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A Guide to Understanding PTSD

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 A Guide to Understanding PTSD

Experiencing or witnessing a traumatic event can have a significant effect on a person’s psyche. Sometimes the impact can be so great that it causes mental health issues like anxiety, avoidance behaviours, and general changes in mood and thought processes. In these situations, an individual may be diagnosed with Post-Traumatic Stress Disorder (PTSD).

A psychiatric disorder that can lead to severe distress, PTSD is well-studied and can be triggered by a number of events. It also often co-occurs with other mental health conditions like substance use disorder, anxiety, and depression. In this guide we explore PTSD to help you understand more about the causes, symptoms, and possible treatment options like trauma therapy in Singapore.

Definition of PTSD

Not everyone who has experienced trauma will inevitably develop PTSD. After a traumatic event, it is normal to feel related anxiety or stress. You might even have other issues like insomnia. However this does not automatically mean that you have PTSD.

PTSD is usually diagnosed when the symptoms last for more than a month. There must also be direct or indirect exposure to the event. It should also have affected your mental health negatively in the form of avoidance behaviour or mood alterations.

The diagnosis of PTSD should always be done by a certified mental health professional. A full evaluation of your symptoms will be conducted before an official diagnosis is given and psychological counselling is recommended.

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What events can cause PTSD

PTSD can develop after any type of trauma, but events that involve a threat to a person's life, serious injury, or sexual violence are more likely to cause PTSD. This definition can encompass a number of encounters that include:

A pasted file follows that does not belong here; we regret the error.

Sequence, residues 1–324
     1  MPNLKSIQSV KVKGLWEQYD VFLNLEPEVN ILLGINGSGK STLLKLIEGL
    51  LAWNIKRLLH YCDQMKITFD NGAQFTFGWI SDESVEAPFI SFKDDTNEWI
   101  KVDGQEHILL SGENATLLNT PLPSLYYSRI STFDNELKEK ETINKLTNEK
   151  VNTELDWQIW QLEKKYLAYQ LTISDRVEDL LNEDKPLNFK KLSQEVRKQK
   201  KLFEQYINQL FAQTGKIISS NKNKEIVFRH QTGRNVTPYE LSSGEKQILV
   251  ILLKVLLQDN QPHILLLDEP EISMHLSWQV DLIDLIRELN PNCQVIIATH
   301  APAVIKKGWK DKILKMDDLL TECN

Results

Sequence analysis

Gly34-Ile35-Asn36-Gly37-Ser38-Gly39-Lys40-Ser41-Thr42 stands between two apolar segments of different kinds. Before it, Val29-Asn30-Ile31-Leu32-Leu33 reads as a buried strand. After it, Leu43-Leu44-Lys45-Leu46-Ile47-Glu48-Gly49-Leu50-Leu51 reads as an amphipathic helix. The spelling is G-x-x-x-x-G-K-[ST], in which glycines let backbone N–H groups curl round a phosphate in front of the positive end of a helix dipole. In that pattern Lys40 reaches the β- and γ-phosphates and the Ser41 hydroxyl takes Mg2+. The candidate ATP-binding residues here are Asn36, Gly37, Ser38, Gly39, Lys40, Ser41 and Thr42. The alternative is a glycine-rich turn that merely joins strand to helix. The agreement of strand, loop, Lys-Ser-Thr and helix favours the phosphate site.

• Military combat

  • Natural disasters

  • Vehicle accidents

  • Physical or sexual assault

  • Childhood abuse

  • Witnessing violent acts

  • War and conflict

  • Death of someone close to you

To reiterate, while experiencing trauma is usually a precursor to PTSD, not everyone who goes through trauma will necessarily develop PTSD. It is not clear why PTSD develops but it may be linked to survival mechanisms, stress hormones, and changes in the brain.

Symptoms of PTSD

PTSD can cause a range of symptoms which are usually divided into four select categories:

Intrusive Thoughts

PTSD sufferers are prone to re-experiencing the traumatic event through flashbacks, nightmares, and recollections. They may also be easily triggered by things that remind them of the trauma.


Avoiding places, situations, or people that trigger their distressing thoughts or memories of the traumatic event is a common symptom among PTSD patients, and will need significant trauma therapy to manage. Avoidance behaviour may lower a patient’s quality of life as it can lead to detachment from others, or a loss of interest in certain activities.